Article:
It takes courage to confront a bully, to talk openly about the pain they can inflict. Maybe that's why star athletes, celebrities and thousands of other people are embracing Keaton Jones, a student in Tennessee who talks about bullies that persecute him at school, in a video that went viral over the weekend.
Keaton Jones' story spread online and across the nation, with his sister, Lakyn Jones, acting as his representative and fielding thousands of offers of support. It all started with a video that their mother, Kimberly Jones, posted on Facebook, of her son tearfully describing the hurt and frustration he felt after being bullied at school.
The video had been recorded in Kimberly Jones' car, reportedly after she picked her son up from school because he was too worried about being abused to go to lunch with his classmates. After it was posted on Facebook, it spread quickly on Twitter.
In the video, Keaton Jones asked, "Just out of curiosity, why do they bully? What the point of it? Why do you find joy in taking innocent people, and finding a way to be mean to them? It's not OK."
After describing the treatment he has received — being called names and insulted, having milk poured on him, and other things — Jones clearly became increasingly emotional. He also said he doesn't want anyone else to be bullied, either.
"It's not OK," Jones said. "People that are different don't need to be criticized about it. It's not their fault. But if you are made fun of, just don't let it bother you. Just stay strong, I guess."
Lasting just over a minute, the video ends with a tearful Keaton Jones saying, "It's hard, but it'll probably get better one day."
Lakyn Jones said that her brother attends Horace Maynard Middle School, in Maynardville, Tenn. — about 10 miles northeast of Knoxville.
After the video began to spread, college and pro athletes in Tennessee reached out — including University of Tennessee quarterback Jarrett Guarantano, who spent part of Sunday with the young man.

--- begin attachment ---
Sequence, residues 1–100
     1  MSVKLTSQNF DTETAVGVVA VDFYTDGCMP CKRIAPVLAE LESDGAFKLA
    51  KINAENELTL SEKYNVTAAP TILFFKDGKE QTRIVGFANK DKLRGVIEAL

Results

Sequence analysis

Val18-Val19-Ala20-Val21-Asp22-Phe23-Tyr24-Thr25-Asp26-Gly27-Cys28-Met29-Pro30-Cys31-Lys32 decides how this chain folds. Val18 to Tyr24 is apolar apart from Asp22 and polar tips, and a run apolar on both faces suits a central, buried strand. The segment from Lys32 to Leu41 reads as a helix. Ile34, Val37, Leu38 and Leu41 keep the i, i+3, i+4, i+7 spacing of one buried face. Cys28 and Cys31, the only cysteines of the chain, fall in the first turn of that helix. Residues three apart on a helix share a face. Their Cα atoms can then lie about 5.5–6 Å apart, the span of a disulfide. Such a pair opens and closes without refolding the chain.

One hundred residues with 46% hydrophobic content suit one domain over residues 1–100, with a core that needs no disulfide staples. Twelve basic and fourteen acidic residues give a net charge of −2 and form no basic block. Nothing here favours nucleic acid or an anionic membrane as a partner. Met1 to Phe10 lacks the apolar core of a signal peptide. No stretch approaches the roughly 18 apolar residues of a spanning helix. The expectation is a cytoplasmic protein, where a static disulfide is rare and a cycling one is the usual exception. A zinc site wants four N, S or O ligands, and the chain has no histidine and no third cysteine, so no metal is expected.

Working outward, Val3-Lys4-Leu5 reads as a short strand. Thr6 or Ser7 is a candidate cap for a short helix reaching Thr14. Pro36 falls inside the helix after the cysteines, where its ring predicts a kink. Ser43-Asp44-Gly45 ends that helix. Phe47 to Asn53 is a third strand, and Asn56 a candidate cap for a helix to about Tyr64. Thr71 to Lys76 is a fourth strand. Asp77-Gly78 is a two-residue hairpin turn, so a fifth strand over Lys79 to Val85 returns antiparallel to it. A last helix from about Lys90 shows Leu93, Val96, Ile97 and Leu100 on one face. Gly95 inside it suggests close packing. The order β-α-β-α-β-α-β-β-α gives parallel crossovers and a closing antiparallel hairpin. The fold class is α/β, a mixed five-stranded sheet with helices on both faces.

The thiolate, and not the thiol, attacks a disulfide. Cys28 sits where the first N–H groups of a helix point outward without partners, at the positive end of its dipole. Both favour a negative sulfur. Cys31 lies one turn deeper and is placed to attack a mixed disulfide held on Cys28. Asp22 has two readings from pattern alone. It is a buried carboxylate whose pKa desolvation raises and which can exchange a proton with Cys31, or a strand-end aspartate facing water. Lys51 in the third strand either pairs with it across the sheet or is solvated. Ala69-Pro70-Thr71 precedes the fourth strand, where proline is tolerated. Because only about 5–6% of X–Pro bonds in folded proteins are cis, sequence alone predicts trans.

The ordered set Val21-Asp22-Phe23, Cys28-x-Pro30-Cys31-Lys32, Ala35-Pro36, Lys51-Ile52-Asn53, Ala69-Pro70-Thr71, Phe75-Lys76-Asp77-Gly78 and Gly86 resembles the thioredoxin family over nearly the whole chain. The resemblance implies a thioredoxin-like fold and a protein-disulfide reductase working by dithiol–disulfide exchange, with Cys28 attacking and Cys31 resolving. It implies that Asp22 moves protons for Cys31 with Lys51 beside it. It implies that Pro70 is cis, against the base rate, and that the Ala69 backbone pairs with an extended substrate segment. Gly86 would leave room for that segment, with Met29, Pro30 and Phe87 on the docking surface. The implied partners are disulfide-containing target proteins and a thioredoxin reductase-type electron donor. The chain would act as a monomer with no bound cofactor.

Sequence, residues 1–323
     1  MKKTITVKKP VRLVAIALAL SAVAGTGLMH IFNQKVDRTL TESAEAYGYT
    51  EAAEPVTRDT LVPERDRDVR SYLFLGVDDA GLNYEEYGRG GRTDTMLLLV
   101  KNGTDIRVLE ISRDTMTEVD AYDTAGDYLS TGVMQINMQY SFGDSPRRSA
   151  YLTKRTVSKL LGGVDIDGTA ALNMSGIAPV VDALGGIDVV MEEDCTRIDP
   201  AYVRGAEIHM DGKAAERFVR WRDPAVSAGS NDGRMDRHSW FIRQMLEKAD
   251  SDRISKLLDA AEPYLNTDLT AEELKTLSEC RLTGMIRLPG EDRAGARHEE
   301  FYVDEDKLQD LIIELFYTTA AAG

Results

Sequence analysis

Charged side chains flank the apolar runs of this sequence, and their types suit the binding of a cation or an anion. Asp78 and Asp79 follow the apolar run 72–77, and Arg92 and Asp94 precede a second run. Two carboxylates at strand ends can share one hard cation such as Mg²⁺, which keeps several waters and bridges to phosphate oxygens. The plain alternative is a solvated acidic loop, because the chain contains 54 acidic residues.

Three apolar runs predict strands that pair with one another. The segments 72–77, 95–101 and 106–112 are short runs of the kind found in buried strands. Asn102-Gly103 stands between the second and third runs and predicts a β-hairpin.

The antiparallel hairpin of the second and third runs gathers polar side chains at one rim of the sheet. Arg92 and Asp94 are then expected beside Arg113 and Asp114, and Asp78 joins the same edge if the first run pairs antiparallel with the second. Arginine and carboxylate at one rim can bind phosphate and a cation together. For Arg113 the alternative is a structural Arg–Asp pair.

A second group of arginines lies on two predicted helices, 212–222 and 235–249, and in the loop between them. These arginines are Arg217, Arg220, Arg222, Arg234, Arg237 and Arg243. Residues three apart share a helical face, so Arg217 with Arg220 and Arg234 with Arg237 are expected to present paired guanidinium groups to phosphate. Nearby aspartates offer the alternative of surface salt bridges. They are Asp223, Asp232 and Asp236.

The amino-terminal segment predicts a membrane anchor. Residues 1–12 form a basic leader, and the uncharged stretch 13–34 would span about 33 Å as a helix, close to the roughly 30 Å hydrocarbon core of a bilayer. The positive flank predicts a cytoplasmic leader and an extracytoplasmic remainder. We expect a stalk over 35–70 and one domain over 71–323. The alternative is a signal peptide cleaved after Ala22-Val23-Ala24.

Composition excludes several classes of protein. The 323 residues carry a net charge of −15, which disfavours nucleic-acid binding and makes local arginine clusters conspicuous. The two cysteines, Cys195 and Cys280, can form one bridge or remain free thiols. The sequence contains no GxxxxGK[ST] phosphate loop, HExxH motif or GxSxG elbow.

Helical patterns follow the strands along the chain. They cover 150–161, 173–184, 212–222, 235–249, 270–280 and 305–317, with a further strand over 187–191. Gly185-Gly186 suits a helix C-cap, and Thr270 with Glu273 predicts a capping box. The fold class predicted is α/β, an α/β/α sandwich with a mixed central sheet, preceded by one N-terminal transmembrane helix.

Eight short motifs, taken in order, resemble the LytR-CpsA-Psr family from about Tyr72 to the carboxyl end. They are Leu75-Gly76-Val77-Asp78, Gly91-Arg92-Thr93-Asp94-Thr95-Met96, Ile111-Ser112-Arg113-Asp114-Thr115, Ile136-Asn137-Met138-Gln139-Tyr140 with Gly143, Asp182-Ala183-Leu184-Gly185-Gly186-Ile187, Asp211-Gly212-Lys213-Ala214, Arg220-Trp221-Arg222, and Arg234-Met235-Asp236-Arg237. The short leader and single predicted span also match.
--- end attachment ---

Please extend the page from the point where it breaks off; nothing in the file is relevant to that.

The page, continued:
"So I got the chance to spend the day with my new best bud Keaton," Guarantano said via Twitter. "It was unbelievable to get to know him and realize that we have a lot in common. This dude is very special and has changed my life forever. Now I have the little brother I always wanted! God bless you my man."
As attention spread, so did interest in Keaton Jones' family — and on Monday morning, reports began to emerge that Kimberly Jones had posted multiple images of Confederate flags on her Facebook account.
After those images triggered speculation and criticism, Lakyn Jones wrote on Twitter Monday, "My family will continue to support each other. You all can hate and tweet all you want but our faith cant be shaken."
By the time that news broke, a Go Fund Me campaign that was started by a man named Joseph Lam in the name of Keaton Jones and his mother had raised more than $58,000. In an update, Lam wrote, "As many of you know I paused the donations as well as the comments. As I sit back and read these comments and watched the video again I feel I have to make this update. THIS IS NOT ABOUT THE MOM!! However passing judgement on her before you know her is a form of bullying."